2 min

Architect of innovation

Designer turns trash into treasure

This floor-to-ceiling light fixture is made from repurposed plastic bottles. Credit: Courtesy of Eric Charron
Intern architect Eric Charron has taken the environmentally conscious recycling movement one step further. Inspired by the 2009 Toronto garbage strike, Charron founded Upcycled XD, a one-man design company that repurposes materials bound for processing and transforms them into functional items.
A graduate of Carleton University, Charron obtained his master’s in architecture from the University of British Columbia in 2008. He now works at Spencer R Higgins architecture firm in Toronto, yet his passion for design led him to found his upstart company in 2009.
When the massive trash strike left Canada’s largest city wading in heaps of garbage, he saw an opportunity to capitalize on the debris.
“A roommate of mine was buying all these four-litre water bottles, and they were taking up all this space in our recycling bins,” he says. “So I asked him not to put them in the bins and I started developing storage and lighting out of them.”
Aside from lighting fixtures and storage units, Charron creates tables and wall units from plastic and serving trays made out of cork. All the materials he uses are donated locally or liberated from recycling bins. Several Toronto restaurants have purchased Upcycled XD trays.
“I’m essentially creating value or giving value to products that currently have none. Through my research I’ve found that 80 percent of plastics don’t end up getting recycled; they end up in landfills,” he says. “So by reusing them for these purposes, I’m contributing more to the reuse and recycle effort than most recycling programs do.”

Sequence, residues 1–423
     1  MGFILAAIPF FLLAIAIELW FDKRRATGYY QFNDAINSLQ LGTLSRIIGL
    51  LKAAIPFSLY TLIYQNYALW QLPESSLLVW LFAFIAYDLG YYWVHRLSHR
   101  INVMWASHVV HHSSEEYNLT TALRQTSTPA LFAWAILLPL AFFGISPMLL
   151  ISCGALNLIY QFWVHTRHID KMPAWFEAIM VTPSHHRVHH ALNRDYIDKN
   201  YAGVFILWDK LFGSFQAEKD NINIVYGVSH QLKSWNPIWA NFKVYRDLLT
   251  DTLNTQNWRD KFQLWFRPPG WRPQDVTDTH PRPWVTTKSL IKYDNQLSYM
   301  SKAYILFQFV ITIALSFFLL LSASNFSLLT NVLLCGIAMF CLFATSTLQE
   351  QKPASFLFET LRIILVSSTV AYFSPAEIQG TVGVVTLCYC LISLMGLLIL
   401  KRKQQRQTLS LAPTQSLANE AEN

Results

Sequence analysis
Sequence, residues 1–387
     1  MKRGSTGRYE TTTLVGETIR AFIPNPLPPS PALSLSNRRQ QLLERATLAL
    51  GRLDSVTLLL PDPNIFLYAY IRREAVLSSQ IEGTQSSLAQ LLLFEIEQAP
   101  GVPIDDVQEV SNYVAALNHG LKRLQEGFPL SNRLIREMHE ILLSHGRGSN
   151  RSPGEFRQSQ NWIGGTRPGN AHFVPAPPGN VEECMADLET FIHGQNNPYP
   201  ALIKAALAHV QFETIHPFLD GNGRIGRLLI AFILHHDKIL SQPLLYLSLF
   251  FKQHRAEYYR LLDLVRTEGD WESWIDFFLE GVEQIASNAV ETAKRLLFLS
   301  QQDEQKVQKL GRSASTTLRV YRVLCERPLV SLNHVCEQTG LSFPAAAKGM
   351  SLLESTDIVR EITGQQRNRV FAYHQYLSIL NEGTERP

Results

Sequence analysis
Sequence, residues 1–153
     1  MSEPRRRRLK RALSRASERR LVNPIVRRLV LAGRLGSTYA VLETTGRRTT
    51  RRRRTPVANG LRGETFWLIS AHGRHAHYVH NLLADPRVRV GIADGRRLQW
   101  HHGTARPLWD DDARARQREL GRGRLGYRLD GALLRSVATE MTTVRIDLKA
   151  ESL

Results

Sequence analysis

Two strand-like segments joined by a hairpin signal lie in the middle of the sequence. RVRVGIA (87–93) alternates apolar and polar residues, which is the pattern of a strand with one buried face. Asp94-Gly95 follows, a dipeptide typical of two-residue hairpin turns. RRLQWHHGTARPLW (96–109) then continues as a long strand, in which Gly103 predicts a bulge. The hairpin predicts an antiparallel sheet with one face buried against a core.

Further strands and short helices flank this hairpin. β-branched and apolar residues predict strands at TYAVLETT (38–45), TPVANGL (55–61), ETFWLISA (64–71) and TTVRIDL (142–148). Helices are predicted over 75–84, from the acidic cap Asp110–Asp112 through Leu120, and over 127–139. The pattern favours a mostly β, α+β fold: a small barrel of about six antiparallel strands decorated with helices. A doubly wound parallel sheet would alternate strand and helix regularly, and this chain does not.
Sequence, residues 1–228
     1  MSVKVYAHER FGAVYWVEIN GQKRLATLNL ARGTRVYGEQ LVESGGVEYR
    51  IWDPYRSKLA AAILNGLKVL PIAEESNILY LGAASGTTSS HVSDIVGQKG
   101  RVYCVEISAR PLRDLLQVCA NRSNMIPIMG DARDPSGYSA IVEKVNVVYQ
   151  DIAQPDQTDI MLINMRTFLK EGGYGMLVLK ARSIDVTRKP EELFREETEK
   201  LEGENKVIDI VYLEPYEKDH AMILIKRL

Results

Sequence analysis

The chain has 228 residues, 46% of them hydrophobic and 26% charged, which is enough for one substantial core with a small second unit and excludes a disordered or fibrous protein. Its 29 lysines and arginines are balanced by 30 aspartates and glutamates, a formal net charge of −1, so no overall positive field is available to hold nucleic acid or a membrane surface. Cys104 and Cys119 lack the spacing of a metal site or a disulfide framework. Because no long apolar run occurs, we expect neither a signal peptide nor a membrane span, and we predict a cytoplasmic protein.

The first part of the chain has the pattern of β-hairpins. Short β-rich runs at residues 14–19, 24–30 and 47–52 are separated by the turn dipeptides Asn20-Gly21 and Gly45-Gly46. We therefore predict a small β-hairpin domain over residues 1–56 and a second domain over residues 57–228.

Obtaining materials can be tricky. However, conceptualizing the pieces was Charron’s biggest hurdle. He says designing the items took a lot of trial and error, which produced some surprising results.
“All of the pieces took time to develop. They evolved based on exploration and discovery, basically through playing with the materials,” he says. “All the pieces either had a purpose that I initially envisioned for them or I made discoveries along the way.”
Consultant David Megathlin has three of Charron’s pieces on display in his New York City apartment, including a chandelier, coffee table and wall storage unit.
Megathlin says he was first drawn to Charron’s work because of the environmental aspect. However, the upscale look of the Upcycled pieces also played a factor.
“Everything is clear, light and modern,” Megathlin says. “The look is very fresh and new. They fit the aesthetic of my apartment.”
The peculiarity of Charron’s work doesn’t go unnoticed. Megathlin says everyone from friends to delivery people comment on the repurposed refuse. 
“The most amusing comments come from delivery men who come to my door and say, ‘I have a package for . . . what is that?’” he says with a laugh.  
Megathlin plans on purchasing more work from Upcycled XD in the future, saying Charron’s willingness to please his clients is a rare commodity in the world of design.
“He understands his clients’ needs while being able to fit his own perspective and aesthetic into the pieces,” Megathlin says. “That sets him apart from other designers.”
Charron recently donated a chandelier to the Autism Speaks Canada foundation and says he will work with any client to achieve the look they desire. 
“I’ll work with any client on any type of custom design,” he says.

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